Propagating Hardwood Cuttings: A Fun Gardening Activity For Winter Months
Many gardeners find themselves in a state of limbo when the winter months roll in. With the lack of sunshine and the cold temperatures, it’s easy to put your green thumb on the shelf until the springtime comes. But here is a fun idea for earthy folks who want to not only stay active throughout the colder months, but who also want to expand the number of plants they have in their yard in the years to come.
Have you found yourself walking through a park or a friend’s yard and thought to yourself ‘I would LOVE to have that plant growing in my yard!’? It’s easier than you think! When done sparingly and respectfully, taking a twig or two off a shrub and planting them as “starts” at home will do no harm to the parent plant and will give you that same plant at your own home. This technique is called “propagation from cuttings” and basically means you’re taking a start from a parent plant, giving it the ingredients it needs, and eventually that cutting will send down roots and be ready to plant in your garden, flowerbed, or yard.
There are many benefits to expanding your stock with this method. Firstly, the new plants are going to be exact replicas of the parent plant, so if you have a plant that is doing exceptionally well and you’re happy with the appearance and growth, the new plants will have those same characteristics. Secondly, this method is a very cost effective (free!) way to quickly expand how many plants you have in your yard. Lastly, you get the joy and satisfaction of turning a snippet of a plant into a full grown plant (with a little patience and attention) - a lot more satisfaction than simply going to a nursery and picking up the plant ready to go to the soil.
Here are a few simple tips to expanding your plant repertoire by planting “starts”:
Not all plants respond well to this ‘cutting’ method
Some plants work better than others when it comes to making starts from cuttings. For example, many herbs (sage, lavender, basil, rosemary), indoor plants (philodendrons, jade), holly, roses, grapes, geraniums, etc. are excellent contenders, whereas hybrid fruit trees would be nearly impossible to stat via this method. However, it can’t hurt to try a new plant you’re interested in growing, with the knowledge that it may or may not work when springtime comes. Experimenting is half the fun!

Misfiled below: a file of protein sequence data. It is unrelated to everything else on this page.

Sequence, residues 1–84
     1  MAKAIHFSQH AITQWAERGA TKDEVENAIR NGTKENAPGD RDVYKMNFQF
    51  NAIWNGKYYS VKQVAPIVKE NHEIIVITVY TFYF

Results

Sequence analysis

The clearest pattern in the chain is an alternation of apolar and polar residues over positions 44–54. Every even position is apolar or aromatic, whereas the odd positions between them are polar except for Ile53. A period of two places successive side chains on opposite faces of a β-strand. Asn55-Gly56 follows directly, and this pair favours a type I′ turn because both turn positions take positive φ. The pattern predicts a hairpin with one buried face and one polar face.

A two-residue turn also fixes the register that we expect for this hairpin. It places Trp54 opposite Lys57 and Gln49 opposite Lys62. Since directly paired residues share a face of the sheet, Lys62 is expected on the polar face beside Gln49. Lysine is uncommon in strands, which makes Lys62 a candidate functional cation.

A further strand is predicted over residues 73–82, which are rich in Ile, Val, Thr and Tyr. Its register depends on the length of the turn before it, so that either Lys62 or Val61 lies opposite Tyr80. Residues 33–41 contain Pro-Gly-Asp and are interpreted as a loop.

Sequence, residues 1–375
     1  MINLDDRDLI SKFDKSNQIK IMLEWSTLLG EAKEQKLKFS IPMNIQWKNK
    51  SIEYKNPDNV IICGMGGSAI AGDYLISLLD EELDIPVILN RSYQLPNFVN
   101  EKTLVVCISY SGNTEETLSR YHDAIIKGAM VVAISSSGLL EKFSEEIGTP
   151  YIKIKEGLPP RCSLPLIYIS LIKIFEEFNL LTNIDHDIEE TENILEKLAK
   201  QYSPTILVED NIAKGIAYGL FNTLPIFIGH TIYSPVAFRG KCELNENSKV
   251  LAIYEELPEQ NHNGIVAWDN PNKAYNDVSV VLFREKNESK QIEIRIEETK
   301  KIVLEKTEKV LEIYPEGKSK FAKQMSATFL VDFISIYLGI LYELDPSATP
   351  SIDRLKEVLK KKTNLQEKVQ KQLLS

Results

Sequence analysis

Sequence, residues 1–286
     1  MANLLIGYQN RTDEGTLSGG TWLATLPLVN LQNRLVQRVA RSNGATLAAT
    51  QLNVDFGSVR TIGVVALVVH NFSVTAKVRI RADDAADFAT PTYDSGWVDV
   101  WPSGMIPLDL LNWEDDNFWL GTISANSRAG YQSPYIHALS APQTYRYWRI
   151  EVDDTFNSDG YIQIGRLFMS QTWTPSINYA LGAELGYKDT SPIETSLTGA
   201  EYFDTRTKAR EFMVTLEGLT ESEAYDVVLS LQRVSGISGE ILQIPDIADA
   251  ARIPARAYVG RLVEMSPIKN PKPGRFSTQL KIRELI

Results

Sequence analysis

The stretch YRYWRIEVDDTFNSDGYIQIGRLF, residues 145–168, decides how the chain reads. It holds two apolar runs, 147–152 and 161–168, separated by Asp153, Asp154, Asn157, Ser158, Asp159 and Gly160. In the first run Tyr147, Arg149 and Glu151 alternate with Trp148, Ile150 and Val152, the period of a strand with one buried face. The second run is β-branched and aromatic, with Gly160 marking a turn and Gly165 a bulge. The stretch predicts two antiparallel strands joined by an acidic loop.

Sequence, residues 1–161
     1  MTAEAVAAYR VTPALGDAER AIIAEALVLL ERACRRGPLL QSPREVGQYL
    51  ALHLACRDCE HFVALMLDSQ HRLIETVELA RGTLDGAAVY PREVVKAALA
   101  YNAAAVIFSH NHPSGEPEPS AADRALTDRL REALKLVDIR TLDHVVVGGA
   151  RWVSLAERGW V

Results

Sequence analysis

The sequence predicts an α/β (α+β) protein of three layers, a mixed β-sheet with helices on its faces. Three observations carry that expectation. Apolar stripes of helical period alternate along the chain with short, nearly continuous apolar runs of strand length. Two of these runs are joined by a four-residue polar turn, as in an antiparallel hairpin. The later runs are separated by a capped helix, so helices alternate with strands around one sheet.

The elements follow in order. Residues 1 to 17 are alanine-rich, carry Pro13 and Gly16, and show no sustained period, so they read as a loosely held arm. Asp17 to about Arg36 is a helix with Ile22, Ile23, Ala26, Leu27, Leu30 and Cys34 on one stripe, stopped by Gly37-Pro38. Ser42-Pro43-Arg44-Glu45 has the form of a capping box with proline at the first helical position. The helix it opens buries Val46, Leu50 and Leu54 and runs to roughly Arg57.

Be respectful when collecting cuttings
Although it doesn’t cause extensive damage to the parent plant, taking a cutting from a plant is something that should be done respectfully. Asking permission from the owner of the parent plant is a good idea. If you’re in a public place (park, wildlife refuge, etc.), know when it’s ok to collect a few cuttings.
Follow these simple step-by-step instructions for propagating hardwood plants from cuttings:
Cutting from hardwood plants (dormant deciduous trees and woody plants) are the easiest to prepare, so we will outline the steps below.
Ideal time for taking cuttings from parent hardwood plants is fall through late winter. This is because the plant is in a dormant state and it causes less shock to the plant.
Cut a piece of the parent plant that is about pencil thickness and about 6-10 inches long. It is helpful to cut the bud off of the tip of the plant at a slight angle.
Using a sharp knife, “wounding” the cutting promotes rooting. This is done by scraping away the outer layer of bark at the base of the cutting.
Dip your wounded end of your cutting in a rotting powder or solution. This is especially important in plants that are difficult to propagate from cuttings. These rooting solutions and powders can be purchased at gardening stores or places like Home Depot or Lowes for reasonably cheap.
Plant your cuttings in either pots or an outdoor plot. In either case, soil with sand tends to work best. Watering or misting your cuttings over the winter is important to keep them from drying out. During very frosty weather, it can be helpful to build a “tent” with wire mesh and a clear plastic to help keep in warmth and prevent the plants from drying out. Contrary to popular belief, it’s ok if the cuttings get some snow piled on them! The main goal is to prevent them from drying out, but a little snow is ok.
When springtime comes, carefully dig up your starts and check to see if they’ve sent out roots. If so, they’re ready to plant in your flower bed, garden, or yard! Hooray for free plants!
Here’s a picture of a few cuttings that I have planted in pots right outside my backdoor:
I am experimenting with a combination of red currant, Oregon grape, thimbleberry, and salmonberry, knowing that maybe some of these will not give me my desired result, but it’s exciting to know that these little friends may turn into plants that I’ll be able to enjoy in my yard year after year. Happy propagating!